New York Could Benefit From Better Recycling Structure

The recent story, Legislators Want Study Of Glass Recycling, mischaracterizes the state of recycling and end markets for glass in New York. It is important to cut through misinformation, as it is confusing for the public and policymakers.

While the glass recycling and manufacturing industries are encouraged by the interest expressed from state officials on glass recycling initiatives and end markets, we should start from a shared common understand of the current state. For glass, there are two overarching recycling systems in the state: the beverage container deposit program stream, and residential curbside (mainly, single-bin) recycling.

These streams produce vastly different material qualities, and therefore usually have different values and end-markets. Food and beverage container glass in New York has strong end-markets, and there are several glass container manufacturing facilities in or near the state who want more recycled glass for use in making new products.

Though much of the entire US domestic recycling system remains under stress, it is important to know that recycled glass was never exported to China, or nearby recycling end markets. That largely now closed-off export market was limited to paper, plastics and some ferrous and non-ferrous metals. End markets for recycled glass are domestic – they always have been and remain that way.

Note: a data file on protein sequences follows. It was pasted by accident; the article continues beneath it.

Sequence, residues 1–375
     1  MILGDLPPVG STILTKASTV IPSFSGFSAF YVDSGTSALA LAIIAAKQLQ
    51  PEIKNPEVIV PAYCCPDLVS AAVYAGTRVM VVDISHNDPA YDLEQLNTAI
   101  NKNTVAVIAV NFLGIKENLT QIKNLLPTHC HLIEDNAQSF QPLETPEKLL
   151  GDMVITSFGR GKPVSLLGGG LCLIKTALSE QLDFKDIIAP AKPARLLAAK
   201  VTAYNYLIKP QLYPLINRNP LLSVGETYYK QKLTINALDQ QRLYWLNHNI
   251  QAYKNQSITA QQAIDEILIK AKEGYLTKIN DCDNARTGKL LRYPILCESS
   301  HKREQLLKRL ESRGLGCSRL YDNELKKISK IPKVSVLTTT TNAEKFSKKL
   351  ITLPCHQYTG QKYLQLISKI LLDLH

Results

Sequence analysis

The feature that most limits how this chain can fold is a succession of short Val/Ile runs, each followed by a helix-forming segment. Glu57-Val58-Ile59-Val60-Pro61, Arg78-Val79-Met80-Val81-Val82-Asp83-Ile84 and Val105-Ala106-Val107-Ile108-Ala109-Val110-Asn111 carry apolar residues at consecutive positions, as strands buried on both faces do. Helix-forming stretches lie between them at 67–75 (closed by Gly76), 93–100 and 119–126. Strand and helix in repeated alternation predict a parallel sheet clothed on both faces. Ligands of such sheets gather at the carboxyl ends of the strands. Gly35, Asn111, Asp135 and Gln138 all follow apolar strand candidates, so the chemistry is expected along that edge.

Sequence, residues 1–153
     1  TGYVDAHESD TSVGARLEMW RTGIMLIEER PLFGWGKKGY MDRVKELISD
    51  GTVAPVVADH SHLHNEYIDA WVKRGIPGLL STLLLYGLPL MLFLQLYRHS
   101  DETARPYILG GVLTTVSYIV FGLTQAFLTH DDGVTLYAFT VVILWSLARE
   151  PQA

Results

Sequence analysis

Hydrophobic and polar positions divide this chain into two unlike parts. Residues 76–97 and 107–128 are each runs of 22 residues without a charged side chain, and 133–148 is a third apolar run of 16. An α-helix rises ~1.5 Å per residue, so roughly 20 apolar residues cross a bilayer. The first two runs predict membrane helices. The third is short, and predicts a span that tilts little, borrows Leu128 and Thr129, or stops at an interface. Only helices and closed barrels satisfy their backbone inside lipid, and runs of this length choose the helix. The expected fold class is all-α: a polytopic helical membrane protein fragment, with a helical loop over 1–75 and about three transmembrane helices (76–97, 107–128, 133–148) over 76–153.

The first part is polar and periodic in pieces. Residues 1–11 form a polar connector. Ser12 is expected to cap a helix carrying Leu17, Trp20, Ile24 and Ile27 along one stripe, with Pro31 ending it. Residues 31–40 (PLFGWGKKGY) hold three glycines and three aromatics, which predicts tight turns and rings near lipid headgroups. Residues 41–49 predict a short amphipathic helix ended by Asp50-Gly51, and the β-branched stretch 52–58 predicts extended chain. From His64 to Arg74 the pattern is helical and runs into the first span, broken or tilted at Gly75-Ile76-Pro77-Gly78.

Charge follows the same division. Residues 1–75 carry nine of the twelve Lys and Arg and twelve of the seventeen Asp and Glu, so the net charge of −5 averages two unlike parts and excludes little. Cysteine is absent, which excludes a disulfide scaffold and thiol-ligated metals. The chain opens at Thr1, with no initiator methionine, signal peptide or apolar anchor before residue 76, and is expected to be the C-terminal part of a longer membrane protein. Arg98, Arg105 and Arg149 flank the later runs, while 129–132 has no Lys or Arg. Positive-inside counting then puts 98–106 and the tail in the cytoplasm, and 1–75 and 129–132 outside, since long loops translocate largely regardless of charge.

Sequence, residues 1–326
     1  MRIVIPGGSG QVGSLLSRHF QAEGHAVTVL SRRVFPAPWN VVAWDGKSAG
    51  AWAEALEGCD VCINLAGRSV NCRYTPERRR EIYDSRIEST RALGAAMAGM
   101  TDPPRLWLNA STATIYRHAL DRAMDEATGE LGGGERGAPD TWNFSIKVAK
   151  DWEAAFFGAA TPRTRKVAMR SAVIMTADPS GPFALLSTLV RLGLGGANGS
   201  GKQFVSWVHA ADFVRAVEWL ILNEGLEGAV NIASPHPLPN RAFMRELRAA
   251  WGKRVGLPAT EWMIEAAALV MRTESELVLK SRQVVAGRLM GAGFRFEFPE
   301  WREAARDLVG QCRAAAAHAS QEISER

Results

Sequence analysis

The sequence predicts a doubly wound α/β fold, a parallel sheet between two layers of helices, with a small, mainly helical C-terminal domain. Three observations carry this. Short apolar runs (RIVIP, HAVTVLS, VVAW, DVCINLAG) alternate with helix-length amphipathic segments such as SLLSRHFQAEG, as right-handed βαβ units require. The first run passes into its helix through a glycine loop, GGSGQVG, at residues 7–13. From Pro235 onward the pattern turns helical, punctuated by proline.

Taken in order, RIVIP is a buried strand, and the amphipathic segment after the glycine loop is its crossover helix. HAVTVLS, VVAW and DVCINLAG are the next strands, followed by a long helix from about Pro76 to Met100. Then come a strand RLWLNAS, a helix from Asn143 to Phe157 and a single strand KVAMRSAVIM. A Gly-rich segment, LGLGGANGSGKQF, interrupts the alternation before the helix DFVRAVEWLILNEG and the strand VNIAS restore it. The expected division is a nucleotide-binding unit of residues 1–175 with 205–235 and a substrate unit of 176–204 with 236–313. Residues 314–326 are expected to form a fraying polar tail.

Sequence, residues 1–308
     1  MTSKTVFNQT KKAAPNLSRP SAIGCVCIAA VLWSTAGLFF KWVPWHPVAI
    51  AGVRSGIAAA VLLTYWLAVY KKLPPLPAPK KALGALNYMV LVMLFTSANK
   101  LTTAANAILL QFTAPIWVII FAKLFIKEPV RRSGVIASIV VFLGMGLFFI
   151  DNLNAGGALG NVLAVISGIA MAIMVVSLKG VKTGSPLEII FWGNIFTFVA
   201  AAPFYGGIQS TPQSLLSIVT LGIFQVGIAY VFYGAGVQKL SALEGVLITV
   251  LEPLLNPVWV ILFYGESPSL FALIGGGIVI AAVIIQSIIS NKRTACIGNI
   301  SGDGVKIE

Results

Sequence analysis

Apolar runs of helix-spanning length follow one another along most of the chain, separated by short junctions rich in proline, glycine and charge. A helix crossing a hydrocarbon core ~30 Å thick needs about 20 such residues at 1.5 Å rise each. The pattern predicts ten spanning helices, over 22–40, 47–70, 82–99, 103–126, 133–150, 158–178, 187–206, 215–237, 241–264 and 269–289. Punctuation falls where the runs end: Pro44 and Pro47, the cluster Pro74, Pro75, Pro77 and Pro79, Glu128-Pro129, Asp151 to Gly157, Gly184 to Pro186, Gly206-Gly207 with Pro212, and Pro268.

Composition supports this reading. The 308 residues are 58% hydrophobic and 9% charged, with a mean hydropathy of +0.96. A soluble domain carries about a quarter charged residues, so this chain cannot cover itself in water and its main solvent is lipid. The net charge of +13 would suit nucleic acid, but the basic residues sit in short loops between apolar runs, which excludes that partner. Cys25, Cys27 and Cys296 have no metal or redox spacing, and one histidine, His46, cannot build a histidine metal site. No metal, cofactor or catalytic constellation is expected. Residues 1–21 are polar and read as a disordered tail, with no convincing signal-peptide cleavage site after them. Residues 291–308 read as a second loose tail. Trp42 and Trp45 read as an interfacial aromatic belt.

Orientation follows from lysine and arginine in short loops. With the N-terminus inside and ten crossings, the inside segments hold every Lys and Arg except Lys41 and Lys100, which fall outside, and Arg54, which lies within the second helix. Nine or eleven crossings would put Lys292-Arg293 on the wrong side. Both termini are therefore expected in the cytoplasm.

As a beverage container deposit state, New York has a much higher glass container recycling rate and recovery rate than the majority of the country. New York is ahead of the game when it comes to glass recycling, and a strong demand exists for New York’s recycled glass.

The primary issue for glass (and many other recyclables) collected in a single bin program is reduced value, due to the contamination that occurs, and the investments needing to be made, to clean and sort out the various recyclables so that may become suitable for end markets.

Jamestown, similar to many other communities in New York and across the country, have been told that there are “no markets” for recycled glass, and therefore, no value in collecting or recycling it. That’s simply not true — quality recycled glass has end markets, container and fiberglass insulation being the two primary ones.

It’s important to remember that nearly all recycled material placed in a bin, or redeemed through a beverage container deposit program, are manufacturing inputs, substituted for raw materials. In glass’ case, nothing special needs to be done to make this happen- it just needs to be separated from trash and other non-recyclables materials throughout the process.

Finally, while there is no harm in studying alternative end markets for recycled glass via legislation, the smarter move would be to improve current recycling system, connected sorting capabilities, and ultimate fate of the glass collected.

Scott DeFife is the President of the Glass Packaging Institute (GPI).


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